I've written about these rocky hills with short grass, gravel, shrubs, and big boulders. At the bottom of one of the hills is a big bog. Basically I've designed some buildings to be sticking out of the hill and half-suspended over the bog with stilts, which spreads into a bigger marketplace all on top of the bog all on stilts.

I'm just concerned that a hill next to a bog would likely be more damp and green than the one I've designed, which is more rocky.

Is this possible?

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    $\begingroup$ Have you been to Scotland!? It's all mountain, beach or bog! :p $\endgroup$
    – Liath
    Commented Apr 15, 2019 at 9:44
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    $\begingroup$ I can only speak anecdotally and not scientifically, but I recall going up the sgurr and our trek there seemed almost entirely bog! $\endgroup$
    – user48416
    Commented Apr 15, 2019 at 10:25
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    $\begingroup$ As an experienced Scottish hill walker and mountaineer, this question astounds me. Scotland is a bog. It rains 250 days a year. The ground never dries. It's truly hell on earth to the unacquainted. $\endgroup$
    – Smeato
    Commented Apr 15, 2019 at 12:24
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    $\begingroup$ I've sunk up to my waist in a bog near the top of Helvellyn, luckily it was just one leg. Said bog was near (East of) Red Tarn, if you want to look at the area $\endgroup$
    – Baldrickk
    Commented Apr 15, 2019 at 16:14
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    $\begingroup$ @Liath Scotland has beaches? $\endgroup$ Commented Apr 15, 2019 at 17:52

1 Answer 1


So long as the design of the bog area allows:

  1. high water run-off from the hills,
  2. is a shallow dirt-and-biomatter-filled basin that collects the water and
  3. enough erosion has taken place to fill that shallow basin with fertile soil.

Then yup, I've no problem with this.

And the proof in the pudding are the blanket bogs of the Scottish uplands. They're even showing wear and tear due to global warming. Best of all, the highlands are traditionally rocky, so go right ahead and have a bog next to your rocky hill!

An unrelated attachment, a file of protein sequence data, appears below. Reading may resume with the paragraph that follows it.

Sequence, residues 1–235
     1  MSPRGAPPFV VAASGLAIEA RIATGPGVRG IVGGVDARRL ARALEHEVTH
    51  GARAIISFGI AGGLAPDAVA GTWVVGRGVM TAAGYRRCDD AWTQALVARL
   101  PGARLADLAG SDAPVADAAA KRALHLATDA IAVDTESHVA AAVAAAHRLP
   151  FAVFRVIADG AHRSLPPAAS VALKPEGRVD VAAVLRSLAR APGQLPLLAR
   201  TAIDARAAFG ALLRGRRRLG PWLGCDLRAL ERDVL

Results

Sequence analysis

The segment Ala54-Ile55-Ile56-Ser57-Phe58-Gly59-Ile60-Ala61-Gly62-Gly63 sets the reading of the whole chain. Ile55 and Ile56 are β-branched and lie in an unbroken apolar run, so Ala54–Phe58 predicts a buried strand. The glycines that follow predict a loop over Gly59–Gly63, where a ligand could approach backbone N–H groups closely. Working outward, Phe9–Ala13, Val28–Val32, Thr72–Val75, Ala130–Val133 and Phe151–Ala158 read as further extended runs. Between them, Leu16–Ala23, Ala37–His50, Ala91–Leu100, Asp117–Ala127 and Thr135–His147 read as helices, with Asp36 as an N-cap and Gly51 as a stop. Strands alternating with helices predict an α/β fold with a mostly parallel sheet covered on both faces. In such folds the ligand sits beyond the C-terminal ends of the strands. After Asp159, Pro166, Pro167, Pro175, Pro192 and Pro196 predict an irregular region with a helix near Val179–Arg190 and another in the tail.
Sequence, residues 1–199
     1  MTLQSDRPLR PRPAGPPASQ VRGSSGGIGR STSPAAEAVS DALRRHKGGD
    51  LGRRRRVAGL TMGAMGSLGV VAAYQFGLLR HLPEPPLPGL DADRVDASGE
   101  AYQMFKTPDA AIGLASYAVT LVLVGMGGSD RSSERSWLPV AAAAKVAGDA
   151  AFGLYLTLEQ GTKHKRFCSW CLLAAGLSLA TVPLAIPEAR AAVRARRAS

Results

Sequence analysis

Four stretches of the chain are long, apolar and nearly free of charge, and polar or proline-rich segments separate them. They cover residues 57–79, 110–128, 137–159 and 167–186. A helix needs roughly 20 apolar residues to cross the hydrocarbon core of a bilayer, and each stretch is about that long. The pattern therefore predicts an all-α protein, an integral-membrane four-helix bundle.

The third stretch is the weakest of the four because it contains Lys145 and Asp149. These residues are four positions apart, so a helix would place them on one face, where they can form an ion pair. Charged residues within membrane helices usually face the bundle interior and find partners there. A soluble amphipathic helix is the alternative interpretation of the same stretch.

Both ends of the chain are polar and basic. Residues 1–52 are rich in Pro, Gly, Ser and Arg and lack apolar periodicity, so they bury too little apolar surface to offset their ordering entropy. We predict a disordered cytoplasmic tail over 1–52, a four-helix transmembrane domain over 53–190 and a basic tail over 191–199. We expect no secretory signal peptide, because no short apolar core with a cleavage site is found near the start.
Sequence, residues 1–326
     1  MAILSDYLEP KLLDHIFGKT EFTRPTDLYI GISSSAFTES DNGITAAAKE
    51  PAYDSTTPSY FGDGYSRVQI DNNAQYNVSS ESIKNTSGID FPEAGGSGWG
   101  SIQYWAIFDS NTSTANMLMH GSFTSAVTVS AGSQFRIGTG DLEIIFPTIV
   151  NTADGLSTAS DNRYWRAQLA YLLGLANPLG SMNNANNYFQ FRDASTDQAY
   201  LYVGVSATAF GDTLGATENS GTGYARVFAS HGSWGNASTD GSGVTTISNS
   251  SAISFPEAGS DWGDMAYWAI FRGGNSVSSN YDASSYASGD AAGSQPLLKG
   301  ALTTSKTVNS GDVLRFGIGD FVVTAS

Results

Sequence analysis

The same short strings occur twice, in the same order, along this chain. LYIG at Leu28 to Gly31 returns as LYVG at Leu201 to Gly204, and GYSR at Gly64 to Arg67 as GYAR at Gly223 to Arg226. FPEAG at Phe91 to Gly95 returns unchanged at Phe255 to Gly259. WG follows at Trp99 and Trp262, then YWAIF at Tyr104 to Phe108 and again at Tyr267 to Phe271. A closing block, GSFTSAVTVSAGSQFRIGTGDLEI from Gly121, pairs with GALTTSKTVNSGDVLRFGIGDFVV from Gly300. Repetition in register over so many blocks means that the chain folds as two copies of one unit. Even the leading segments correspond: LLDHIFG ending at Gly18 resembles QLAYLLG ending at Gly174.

• $\begingroup$ Oh YEAH that sounds great! Thanks for the reference that's uber helpful! $\endgroup$
    – Julia
    Commented Apr 15, 2019 at 5:47
  • $\begingroup$ Don't forget Kinder Scout $\endgroup$
    – Separatrix
    Commented Apr 15, 2019 at 8:51
  • $\begingroup$ It's also worth mentioning that bogs can actually from on slopes if the earth is rocky/saturated enough $\endgroup$
    – Liath
    Commented Apr 15, 2019 at 9:45
  • $\begingroup$ A bog is mostly peat, which forms from the mosses that grow there and a little nutrient poor soil, nutrient rich soils are more likely to be found in a marsh or other type of wetland.knowledgenuts.com/2013/12/02/… $\endgroup$
    – Spagirl
    Commented Apr 15, 2019 at 11:49
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    $\begingroup$ @Separatrix But Kinder Scout isn't anything like that. The OP is looking for a grassy/gravelly/stony mountain, but if anything, Kinder itself is even more boggy than its surroundings. Also the peat bog there is typically bone-dry in summer. Scotland is much more like the OP's question, particularly places like Rannoch Moor. $\endgroup$
    – Graham
    Commented Apr 15, 2019 at 12:29

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